Google’s annual developers conference, Google I/O, kicked off with a number of interesting announcements. As numerous users cheered for or railed against the new iteration of Google’s social platform, the details of the 41 changes to Google+ were announced at the conference.

Here is a breakdown of the high points.


Hangouts are arguably the most groundbreaking element of Google+. The built-in videoconference/broadcast functionality is, in my opinion, the platform’s greatest strength. It would seem that Google thinks so as well, they have just broken Hangouts off into its own dedicated smartphone app.

The new app combines text, photos, and live video across Android, iOS, and your laptop/desktop. New features include the following:

  • More responsive messaging. Photos, emoji, and real-time activity indicators breathe new life into notifications.
  • Conversation history. This allows you to review your prior interactions (you can also turn this feature off).
  • Notifications no long replicate across all your devices. Once you see a notification on one device, it is cleared from the others, removing one of G+’s biggest annoyances. You can also set them to snooze so you can get some work done.
  • Conversations can go face-to-face. Conversations based on the integrated messaging can easily be launched as full-fledged video Hangouts.
  • The app is already ubiquitous. It can be downloaded from Google Play, the App Store, and the Chrome Web Store. It’s also integrated directly into both Gmail and Google+.

Hashtags, Photo Tools, and More

The main Google+ interface has gotten a facelift — and some people dislike it intensely while others love it. Unfortunately for me, I’m in the former group. I think it is too much like Facebook, a platform I dislike intensely.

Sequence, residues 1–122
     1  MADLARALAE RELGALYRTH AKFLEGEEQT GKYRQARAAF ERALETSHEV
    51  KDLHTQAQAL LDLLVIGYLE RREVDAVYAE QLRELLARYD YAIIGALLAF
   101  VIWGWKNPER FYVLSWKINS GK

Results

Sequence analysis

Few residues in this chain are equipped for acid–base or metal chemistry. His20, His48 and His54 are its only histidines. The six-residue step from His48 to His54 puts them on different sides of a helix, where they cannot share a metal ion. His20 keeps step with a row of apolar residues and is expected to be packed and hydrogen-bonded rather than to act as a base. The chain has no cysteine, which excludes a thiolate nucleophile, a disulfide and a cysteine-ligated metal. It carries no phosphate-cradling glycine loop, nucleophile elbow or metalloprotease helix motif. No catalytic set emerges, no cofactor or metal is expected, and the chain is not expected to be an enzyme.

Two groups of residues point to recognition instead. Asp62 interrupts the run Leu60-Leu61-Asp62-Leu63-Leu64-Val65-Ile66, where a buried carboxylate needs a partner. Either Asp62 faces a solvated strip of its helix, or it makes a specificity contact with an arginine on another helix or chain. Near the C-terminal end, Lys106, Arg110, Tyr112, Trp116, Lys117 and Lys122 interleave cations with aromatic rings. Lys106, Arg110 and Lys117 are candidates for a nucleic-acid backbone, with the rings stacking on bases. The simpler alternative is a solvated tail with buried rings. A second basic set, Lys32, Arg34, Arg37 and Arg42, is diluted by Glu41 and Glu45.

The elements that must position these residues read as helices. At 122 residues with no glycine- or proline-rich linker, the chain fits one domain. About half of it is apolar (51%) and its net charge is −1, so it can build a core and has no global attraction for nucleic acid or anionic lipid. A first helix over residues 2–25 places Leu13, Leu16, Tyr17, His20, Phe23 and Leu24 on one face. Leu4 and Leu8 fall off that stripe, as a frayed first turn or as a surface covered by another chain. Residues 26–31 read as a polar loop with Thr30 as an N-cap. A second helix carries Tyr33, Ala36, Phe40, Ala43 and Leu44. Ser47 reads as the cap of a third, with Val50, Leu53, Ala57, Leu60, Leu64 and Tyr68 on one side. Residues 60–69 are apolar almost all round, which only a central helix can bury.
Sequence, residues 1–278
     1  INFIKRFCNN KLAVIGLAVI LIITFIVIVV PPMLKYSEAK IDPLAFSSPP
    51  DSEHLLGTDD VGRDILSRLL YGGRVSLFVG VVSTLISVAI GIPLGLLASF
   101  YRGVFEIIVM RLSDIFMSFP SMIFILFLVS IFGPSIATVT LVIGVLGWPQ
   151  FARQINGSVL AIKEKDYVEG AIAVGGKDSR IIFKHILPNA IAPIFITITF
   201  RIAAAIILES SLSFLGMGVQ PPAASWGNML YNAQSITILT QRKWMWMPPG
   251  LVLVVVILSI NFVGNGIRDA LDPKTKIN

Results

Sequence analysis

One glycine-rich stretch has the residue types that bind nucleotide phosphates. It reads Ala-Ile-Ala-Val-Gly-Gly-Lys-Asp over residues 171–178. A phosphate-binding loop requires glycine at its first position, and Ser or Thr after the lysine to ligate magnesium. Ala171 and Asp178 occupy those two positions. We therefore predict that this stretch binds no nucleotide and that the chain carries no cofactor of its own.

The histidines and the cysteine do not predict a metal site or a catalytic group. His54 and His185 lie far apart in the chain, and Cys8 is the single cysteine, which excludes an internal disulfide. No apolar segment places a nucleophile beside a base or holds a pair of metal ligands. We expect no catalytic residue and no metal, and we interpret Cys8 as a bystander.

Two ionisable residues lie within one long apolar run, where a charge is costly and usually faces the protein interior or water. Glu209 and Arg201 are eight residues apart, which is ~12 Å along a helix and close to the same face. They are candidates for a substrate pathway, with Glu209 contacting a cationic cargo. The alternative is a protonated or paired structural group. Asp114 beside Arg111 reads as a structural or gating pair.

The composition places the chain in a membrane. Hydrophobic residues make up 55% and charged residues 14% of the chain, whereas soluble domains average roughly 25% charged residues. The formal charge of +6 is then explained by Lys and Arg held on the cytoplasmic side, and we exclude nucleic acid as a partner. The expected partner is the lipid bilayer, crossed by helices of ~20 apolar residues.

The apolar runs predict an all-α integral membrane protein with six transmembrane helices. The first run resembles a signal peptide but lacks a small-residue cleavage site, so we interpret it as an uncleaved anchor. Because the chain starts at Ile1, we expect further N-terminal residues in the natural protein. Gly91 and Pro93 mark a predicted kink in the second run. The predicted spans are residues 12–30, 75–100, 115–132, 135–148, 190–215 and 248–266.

Lets take look at some of the most visible components of the upgrade:

  • New multi-column layout. This is the part that reminds of Facebook’s terminally confusing feed. Thanksfully for those who prefere single-column presentation, it can be toggled off.
  • Photos and videos become huge. Google continues its trend of wanting bigger and bigger photos. It might end up being useful, but I see a lot of confusion being generated among the casual users in my stream by it.
  • Lots of animations. Seriously, Google, not everything has to move.
  • Hashtags. Related hashtags are now automatically displayed in the upper left corner of each post. Can you say, “rabbit hole”?

For the Shutterbugs

Google+ has catered more and more toward photographers with each update, and I am happy to say that includes this one. Here are some new features:

  • Auto highlight. This will be amazingly useful to people like me, who snap a number of iterations of each photo. Auto highlight picks out and deemphasizes the duplicate and blurry pics, allowing you to zero in on the best in each series of pictures you take.
  • Auto Awesome. You can stitch together shots in a series to make a playful Photobooth-esque picture or even a Vine-like animated gif. Auto Awesome creates a brand new image based on a set of photos selected from your library. If you upload a sequence of photos, it will try to animate them automatically. Another use suggested by Google is, “If you send us a few family portraits, we’ll find everyone’s best smile, and stitch them together into a single shot.” The name is a bit narcissistic but the results do seem pretty impressive.
  • Auto backup (instant upload). If you set up the permissions, Google+ will automatically back up your mobile pics as you snap them. Everyone receives unlimited free storage at standard size (2048px), and 15GB of free storage at full size (up from 5GB).
  • Auto enhance. A new tool for improving “brightness, contrast, saturation, structure, noise, focus […] and dozens of other factors” automatically. Look for it in the lightbox next time you upload photos.

All in all, there has been a massive reboot across the Google properties, aimed at making them a more cohesive whole. As a result, the look and feel is now standardized. As things move forward, it will be interesting to see what sort of background changes go along with them, and how those will impact SEO and social signals.

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